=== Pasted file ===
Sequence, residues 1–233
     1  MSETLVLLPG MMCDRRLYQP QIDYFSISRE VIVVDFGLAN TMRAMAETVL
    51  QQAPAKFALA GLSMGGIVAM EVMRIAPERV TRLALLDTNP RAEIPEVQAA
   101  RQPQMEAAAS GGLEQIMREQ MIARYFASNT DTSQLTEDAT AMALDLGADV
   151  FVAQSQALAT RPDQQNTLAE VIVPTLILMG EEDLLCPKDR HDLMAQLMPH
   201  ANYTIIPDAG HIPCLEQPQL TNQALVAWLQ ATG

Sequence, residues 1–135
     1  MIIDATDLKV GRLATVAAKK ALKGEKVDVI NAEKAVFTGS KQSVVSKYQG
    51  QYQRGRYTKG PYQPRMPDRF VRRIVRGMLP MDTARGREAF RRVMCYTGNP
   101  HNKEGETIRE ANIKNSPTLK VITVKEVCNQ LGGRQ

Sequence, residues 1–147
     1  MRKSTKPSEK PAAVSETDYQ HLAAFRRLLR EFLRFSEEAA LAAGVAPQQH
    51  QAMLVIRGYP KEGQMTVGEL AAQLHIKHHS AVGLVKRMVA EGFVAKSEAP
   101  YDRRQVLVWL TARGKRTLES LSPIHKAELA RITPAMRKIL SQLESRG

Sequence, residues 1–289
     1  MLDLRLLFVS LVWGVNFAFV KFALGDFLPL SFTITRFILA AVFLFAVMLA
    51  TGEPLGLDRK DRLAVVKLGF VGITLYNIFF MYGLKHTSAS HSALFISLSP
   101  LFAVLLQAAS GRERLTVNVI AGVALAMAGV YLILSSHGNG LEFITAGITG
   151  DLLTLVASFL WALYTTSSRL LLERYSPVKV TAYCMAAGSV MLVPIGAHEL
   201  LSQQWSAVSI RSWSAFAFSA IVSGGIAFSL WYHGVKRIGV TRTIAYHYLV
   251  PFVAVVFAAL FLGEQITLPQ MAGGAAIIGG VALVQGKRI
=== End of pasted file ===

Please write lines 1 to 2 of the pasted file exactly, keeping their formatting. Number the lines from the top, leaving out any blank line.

Sequence, residues 1–233
     1  MSETLVLLPG MMCDRRLYQP QIDYFSISRE VIVVDFGLAN TMRAMAETVL